All studies included in this analysis were developed for a group. Evidence suggests that group counseling appears to be the predominant modality for treating addiction. One advantage of a group program is its economical factor, because it targets many students simultaneously. In addition, the support, confrontation, and insight gained from other individuals experiencing similar recognition and emotions facilitate therapeutic recovery [24]. A previous study also mentioned that a group of less than 14 people showed more than a 90th percentile of effect size [12]. However, group therapy may not become truly beneficial until parents overcome the barriers associated with social anxiety, social isolation, and lack of social competence. Therefore, it is necessary to develop a program with appropriate methods for the participants' characteristics.

When interventions were analyzed according to the intervention purpose, trials with selective samples were more practicable and beneficial than those that target universal samples. A similar effect was found in a previous review [12]. However, it is possible that, although universal programs yield a low effect, they still could be cost-effective if they can prevent IA at comparatively low cost.

Regarding the effect of intervention according to duration, two-thirds of those studies reviewed had more than 10 intervention sessions. This group exhibited statistically significant effects for IA and self-esteem outcomes. A previous review of psychosocial interventions analyzing such outcomes as depression symptoms among older adults demonstrated that longer interventions showed statistically significant effects [19]. Likewise, this meta-analysis verified IA program interventions of more than seven sessions, which included more than a 90th percentile of effect size, for the target of adolescents [12]. Therefore, because a certain period is necessary to change the recognition and behaviors of participants, long-term programs might be more effective than short-term programs.

The results indicated that the pooled effect sizes for short-term efficacy for all outcomes were statically significant. However, many studies made it difficult to determine the long-term efficacy of the intervention because they failed to conduct a sufficiently long follow-up. Only nine studies reviewed here conducted a follow-up. To address this important topic, further research should consider long-term efficacy.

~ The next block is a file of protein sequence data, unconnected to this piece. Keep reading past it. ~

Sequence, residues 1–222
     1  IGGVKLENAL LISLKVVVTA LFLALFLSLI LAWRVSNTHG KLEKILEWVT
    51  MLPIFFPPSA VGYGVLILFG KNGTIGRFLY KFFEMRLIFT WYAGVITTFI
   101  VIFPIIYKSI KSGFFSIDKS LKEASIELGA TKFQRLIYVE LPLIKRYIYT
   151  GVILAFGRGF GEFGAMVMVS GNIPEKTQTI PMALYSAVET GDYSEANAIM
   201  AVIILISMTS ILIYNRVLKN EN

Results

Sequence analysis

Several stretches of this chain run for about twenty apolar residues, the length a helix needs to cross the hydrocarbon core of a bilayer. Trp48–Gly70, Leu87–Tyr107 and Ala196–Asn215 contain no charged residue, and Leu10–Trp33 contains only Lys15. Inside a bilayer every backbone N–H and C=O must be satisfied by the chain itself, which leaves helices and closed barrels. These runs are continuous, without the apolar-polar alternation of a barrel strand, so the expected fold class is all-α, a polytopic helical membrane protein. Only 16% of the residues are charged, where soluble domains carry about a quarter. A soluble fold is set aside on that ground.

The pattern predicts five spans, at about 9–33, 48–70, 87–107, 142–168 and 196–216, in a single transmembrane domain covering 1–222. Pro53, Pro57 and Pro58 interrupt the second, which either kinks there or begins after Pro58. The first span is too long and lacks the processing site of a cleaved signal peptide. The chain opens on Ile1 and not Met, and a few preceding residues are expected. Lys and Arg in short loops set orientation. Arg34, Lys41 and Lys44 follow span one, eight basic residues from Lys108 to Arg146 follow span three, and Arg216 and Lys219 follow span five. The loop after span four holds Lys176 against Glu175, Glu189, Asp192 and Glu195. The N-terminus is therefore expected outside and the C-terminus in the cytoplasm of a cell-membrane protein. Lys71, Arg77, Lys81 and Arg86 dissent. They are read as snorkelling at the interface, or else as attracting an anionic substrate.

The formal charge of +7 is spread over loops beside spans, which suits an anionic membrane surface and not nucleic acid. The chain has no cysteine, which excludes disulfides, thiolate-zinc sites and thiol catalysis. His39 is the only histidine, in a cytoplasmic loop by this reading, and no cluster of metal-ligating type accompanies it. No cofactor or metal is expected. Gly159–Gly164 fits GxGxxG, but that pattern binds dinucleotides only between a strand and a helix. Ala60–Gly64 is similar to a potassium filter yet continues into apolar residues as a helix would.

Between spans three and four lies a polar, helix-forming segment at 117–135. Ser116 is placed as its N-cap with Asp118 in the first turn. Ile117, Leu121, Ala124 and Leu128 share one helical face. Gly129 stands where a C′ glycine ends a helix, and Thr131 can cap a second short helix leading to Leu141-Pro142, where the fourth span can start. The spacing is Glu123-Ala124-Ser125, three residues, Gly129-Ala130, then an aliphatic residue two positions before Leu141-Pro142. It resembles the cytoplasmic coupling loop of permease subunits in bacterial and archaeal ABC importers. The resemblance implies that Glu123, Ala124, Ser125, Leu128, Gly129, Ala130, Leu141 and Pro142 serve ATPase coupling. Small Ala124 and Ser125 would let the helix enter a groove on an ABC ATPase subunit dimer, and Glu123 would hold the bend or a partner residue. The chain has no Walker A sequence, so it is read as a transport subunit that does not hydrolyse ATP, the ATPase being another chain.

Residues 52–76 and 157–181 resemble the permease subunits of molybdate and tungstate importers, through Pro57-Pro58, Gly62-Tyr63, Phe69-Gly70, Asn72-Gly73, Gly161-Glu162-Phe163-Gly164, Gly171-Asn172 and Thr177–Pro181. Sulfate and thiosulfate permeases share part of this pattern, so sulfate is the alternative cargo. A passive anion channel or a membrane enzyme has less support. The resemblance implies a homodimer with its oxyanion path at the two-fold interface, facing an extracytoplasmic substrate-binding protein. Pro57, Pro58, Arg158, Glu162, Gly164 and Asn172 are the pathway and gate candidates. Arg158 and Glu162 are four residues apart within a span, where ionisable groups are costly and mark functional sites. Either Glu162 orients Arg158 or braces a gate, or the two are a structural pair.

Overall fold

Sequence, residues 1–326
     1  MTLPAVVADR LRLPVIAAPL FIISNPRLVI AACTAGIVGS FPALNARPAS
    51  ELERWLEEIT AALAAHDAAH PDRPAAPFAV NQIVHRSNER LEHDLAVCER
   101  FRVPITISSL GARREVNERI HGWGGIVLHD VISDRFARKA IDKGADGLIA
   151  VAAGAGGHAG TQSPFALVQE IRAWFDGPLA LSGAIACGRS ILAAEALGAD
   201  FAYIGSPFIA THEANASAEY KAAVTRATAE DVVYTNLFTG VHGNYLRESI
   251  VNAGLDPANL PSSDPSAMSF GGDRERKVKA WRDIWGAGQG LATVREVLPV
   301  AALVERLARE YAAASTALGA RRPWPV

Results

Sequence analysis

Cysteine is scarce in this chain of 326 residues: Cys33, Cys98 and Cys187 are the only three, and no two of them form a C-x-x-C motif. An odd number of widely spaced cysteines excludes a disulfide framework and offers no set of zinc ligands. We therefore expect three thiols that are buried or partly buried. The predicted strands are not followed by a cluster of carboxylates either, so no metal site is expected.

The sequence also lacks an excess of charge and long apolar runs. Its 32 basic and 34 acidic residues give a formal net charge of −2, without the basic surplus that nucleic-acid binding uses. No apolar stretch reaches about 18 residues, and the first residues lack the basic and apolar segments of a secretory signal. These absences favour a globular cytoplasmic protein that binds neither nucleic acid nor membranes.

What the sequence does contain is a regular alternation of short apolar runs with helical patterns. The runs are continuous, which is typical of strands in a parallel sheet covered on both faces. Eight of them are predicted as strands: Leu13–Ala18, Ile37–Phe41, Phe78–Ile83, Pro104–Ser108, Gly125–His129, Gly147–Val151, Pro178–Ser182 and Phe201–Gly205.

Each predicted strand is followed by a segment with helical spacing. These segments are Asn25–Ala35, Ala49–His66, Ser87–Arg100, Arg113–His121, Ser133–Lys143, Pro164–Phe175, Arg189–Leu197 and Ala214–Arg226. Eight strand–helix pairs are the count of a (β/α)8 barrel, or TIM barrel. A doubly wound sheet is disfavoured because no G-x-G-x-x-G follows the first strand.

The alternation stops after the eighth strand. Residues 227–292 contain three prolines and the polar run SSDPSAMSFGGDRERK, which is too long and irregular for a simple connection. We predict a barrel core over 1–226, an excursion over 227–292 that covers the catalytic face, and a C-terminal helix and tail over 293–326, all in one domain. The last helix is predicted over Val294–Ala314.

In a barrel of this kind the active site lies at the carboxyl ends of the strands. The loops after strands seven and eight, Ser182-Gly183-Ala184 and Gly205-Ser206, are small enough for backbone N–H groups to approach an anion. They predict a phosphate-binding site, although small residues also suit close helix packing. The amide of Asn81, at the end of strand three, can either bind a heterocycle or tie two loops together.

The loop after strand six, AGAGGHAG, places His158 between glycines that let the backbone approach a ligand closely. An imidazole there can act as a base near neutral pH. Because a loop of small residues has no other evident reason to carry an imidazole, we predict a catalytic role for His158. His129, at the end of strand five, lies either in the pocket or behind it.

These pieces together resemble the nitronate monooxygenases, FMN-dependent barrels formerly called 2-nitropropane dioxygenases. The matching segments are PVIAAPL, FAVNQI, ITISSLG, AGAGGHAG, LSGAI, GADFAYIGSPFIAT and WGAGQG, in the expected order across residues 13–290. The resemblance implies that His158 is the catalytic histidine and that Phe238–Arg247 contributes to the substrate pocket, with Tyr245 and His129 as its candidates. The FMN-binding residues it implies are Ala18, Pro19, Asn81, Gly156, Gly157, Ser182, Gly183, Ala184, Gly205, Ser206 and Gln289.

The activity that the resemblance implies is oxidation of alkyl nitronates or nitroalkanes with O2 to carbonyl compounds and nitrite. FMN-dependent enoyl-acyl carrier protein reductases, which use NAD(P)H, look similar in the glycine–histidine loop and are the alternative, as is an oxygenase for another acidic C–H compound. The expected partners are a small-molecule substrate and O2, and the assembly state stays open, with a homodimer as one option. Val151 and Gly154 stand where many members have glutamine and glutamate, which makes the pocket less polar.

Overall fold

Another interesting result of our analysis was that 36 out of 37 studies were performed in South Korea, and one study was conducted in China. There were no studies available in the United States or Europe that investigated psychosocial intervention and its effect on the target of school-aged children. This reflects that the language was limited to English and Korean when the papers were extracted, but it can also be interpreted that IA is rapidly increasing in East Asia. Even from previous studies, 13 out of a total of 17 articles were published in South Korea and China, meaning that it was absolutely higher than for other regions [9]. Due to a lack of conclusive evidence of cultural differences in IA, further research is highly recommended in this area.

This study offers insight into the current state of psychosocial intervention programs for IA for the target population of school-aged children, and it is a first step in the development of evidence-based intervention recommendations. Nevertheless, a number of limitations should be noted. First, as fewer studies applied RCT, the confirmative evaluation results were not included for the effect size. As noted in a previous review [25], IA intervention studies tend to lack conformity, with inconsistencies in the definition and diagnosis of IA and a lack of randomization, and adequate comparison groups. The methodological weaknesses of the included studies are potentially a problem because a meta-analysis can only be as good as the studies upon which it is based [26]. Second, as the studies included in this analysis had high heterogeneity and there was a limited number of articles, sub-analyses on scale were not indicated. Scale selection with consideration of the characteristics of programs and subjects is necessary to identify the effects of IA improvement programs more precisely, and it can be considered that scales can verify the effect size if more articles are accumulated in the future.


Conflict of Interest: No potential conflict of interest relevant to this article was reported.


Appendix 1

Quality assessment of the studies included in the meta-analysis

L: low risk of bias, U: unclear, H: high risk of bias, ++: 5 or more of the criteria have been fulfilled, +: under 5 of the criteria have been fulfilled.

Appendix 2

Studies included in the meta-analysis


1. Li Y, Zhang X, Lu F, Zhang Q, Wang Y. Internet addiction among elementary and middle school students in China: a nationally representative sample study. Cyberpsychol Behav Soc Netw 2014;17(2):111–116. 23971432.
2. Li W, O'Brien JE, Snyder SM, Howard MO. Characteristics of internet addiction/pathological internet use in U.S. university students: a qualitative-method investigation. PLoS One 2015;10(2):e0117372. 25647224.
3. Korea Internet & Security Agency. Annual report of the 2013 Korea Internet White Paper Seoul: Korea Internet & Security Agency; 2013.
4. Cha ES, Kim TH. Effects of the group music therapy on behavior, self-control, social interaction and stress for the internet-addicted students in elementary school. J Korea Inst Youth Facil Environ 2013;11(1):79–91.